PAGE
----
Thursday, February 4, 2010
The Birth of Power Pop: 1970s (Parts 1, 2 and 3 of 6)
[EDIT February 4, 2011]Hey There unsuspecting visitor! If you are just now discovering this blog via this page, please make sure you visit all of my most recent Power Pop Posts! in addition to all of the initial Birth of Power Pop posts! Have fun digging around in my archives and please leave me a comment or better yet click that "Follow" button down there somewhere below and to the right, thanks![End of EDIT]
In keeping with my 2010 compilation schedule, I'll be posting my playlists every Friday (or Thursday night, really) in February. Today's featured compilation is an oldie, but a goodie. I originally put this together in the Spring of '07 and passed out copies to many of my friends. I actually gave that out in a data disc format, and did not realize until much later, that the track listing on the data disc did not match the track listing that I had meticulously sequenced. I've given this out on several occasions since as one giant zip file, but this was before I knew how to zip music files properly so that the listener would get my files in the right order. So finally, I have broken this up into three separate zip files, and they are in the order that I intended. Whew. Above is the artwork that I made for the original hard copies and below is a slightly edited version of the original liner notes.
The Birth of Power Pop: 1970s
“Power pop for me was [music made by] musicians that were born in the 50s, grew up in the 60s and started playing music in the 70s. [Our] idea of music was melodic songs and cool clothes.”-- Paul Collins (of the Nerves, Breakaways and Paul Collins’ Beat)
While power pop had its roots in the 60s with bands like the Beatles, Byrds, and Beach Boys, it really came into its own during the “Me Decade.” Indeed, this is power pop’s golden age. There are a lot of great songs to choose from, so narrowing it down to 60 songs is a pretty daunting task (I mean you could make a case for the inclusion of every single song on #1 Record). I did not want to just reproduce any of the myriad of power pop compilations out there, although some overlap is inevitable and I did cherry pick some obscure comps. In particular, the folks at Rhino Records have put out five outstanding compact discs that cover much the same ground as my new collection. Those discs are the four volumes in the DIY series (American Power Pop I & II, UK Pop I & II) and Poptopia! Power Pop Classics of the ‘70s. You probably already have those, and if not you should seek them out. While I have used many of the same artists, I have not used any of the same songs as those genre-defining compilations (with one exception). Some of the songs on this compilation will be quite familiar to you, but hopefully there will be a few that are totally new to you, or, at the very least, some that you may have forgotten. I’ve sequenced the songs in an order that made sense to me sonically as opposed to a strict chronological order. Which reminds me, some of these songs have been remastered recently, others have not, so stay close to the volume dial!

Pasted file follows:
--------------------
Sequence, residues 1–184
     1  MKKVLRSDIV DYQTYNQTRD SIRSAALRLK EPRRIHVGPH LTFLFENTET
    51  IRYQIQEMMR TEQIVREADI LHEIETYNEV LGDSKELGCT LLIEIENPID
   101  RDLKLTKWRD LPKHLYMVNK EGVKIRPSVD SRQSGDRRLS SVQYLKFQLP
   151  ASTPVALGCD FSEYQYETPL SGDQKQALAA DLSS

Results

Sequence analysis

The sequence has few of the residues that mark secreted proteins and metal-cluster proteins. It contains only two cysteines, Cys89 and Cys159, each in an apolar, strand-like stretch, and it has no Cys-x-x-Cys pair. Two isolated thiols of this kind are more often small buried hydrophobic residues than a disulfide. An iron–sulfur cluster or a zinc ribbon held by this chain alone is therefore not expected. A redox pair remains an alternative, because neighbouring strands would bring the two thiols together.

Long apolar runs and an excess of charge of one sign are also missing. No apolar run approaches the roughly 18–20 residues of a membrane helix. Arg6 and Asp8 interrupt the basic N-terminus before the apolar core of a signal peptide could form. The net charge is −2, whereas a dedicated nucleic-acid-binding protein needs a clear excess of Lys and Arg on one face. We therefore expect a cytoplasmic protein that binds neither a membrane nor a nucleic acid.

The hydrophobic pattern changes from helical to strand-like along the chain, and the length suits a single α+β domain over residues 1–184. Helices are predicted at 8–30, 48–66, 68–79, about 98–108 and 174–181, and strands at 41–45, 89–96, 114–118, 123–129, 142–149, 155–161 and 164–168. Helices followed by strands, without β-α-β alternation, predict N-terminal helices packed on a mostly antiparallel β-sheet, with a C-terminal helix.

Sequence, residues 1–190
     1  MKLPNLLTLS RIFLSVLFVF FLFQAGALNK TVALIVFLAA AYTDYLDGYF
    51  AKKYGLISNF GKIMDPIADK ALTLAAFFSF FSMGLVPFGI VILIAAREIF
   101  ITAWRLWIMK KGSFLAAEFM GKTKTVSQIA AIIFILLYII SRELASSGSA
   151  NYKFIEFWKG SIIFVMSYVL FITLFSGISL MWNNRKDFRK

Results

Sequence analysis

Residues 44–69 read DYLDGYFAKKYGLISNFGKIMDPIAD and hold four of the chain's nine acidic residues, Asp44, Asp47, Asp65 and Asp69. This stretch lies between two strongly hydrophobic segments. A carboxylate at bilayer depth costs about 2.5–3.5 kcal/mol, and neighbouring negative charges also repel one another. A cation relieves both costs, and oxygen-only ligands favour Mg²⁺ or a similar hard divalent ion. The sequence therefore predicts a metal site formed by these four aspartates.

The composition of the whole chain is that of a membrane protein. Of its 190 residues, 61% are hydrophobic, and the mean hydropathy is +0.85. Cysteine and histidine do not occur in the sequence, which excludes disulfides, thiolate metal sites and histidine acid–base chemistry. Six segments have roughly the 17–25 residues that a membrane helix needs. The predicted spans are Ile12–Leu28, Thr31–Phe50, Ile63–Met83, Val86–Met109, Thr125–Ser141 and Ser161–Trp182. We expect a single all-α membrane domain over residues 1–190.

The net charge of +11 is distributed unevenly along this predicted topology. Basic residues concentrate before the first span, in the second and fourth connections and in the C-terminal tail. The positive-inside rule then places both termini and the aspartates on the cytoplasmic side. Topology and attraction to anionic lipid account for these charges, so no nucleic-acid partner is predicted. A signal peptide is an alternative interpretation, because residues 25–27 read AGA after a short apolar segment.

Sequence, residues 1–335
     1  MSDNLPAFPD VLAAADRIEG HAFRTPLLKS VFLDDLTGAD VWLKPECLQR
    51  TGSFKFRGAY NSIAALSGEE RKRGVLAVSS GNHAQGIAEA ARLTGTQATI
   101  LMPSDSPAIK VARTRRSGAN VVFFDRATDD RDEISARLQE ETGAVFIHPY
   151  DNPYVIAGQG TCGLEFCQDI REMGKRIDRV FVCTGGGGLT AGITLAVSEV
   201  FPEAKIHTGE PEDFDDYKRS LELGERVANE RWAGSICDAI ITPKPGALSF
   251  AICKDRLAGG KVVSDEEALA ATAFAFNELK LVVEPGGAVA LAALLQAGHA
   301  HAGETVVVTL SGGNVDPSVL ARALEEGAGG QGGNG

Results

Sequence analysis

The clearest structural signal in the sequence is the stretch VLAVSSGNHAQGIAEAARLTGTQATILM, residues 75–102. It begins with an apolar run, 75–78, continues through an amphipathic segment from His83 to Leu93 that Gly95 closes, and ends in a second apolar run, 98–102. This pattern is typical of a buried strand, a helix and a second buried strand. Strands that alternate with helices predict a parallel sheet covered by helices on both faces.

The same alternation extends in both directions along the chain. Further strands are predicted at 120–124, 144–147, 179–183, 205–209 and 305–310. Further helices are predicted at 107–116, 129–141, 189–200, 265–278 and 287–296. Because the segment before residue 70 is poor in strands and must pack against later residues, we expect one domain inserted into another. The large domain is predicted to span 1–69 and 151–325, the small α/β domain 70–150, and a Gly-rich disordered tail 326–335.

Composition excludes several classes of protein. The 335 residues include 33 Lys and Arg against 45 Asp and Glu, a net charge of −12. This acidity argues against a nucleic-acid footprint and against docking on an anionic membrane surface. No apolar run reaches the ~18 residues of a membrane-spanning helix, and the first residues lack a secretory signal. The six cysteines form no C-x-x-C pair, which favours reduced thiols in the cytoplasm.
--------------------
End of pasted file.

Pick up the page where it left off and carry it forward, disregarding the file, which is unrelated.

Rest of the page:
Track by track Commentary:
Birth of Power Pop - Disc One
01. The Records, “Teenarama” (1979).
I find it hard to believe that a band with a name as great as “The Records” and a propensity for writing insanely catchy pop songs didn’t make a bigger splash commercially. And yet . . .
02. Grin, “White Lies” (1972).
Nils Lofgren is probably best known for his exploits in the E-Street Band or for his work with Neil Young, but he also served as the leader of this underappreciated pop band in the early 70s.
03. Kirsty MacColl, “They Don’t Know” (1979).
One of two songs on this compilation that was later a hit for another artist. Kirsty wrote it, and it was her first single for Stiff Records.
04. Elvis Costello, “No Action” (1978).
This song kicks off Costello’s second long player. He once quipped, “You have your whole life to write your first album and six months to write the second.” I think it turned out all right for him.
05. Off Broadway, “New Little Girl” (1979).
Hailing from Oak Park, Illinois, Off Broadway was sort of Cheap Trick’s not quite as talented little brother. Still, Cliff Johnson wrote quite a few memorable songs, most of which can be found on their 1979 debut, On.
06. The Toms, “Let’s Be Friends Again” (1979).
The Toms is actually New Jersey’s Tom Marolda—he plays pretty much everything on his home recordings.
07. The Raspberries, “I Wanna Be With You” (1972).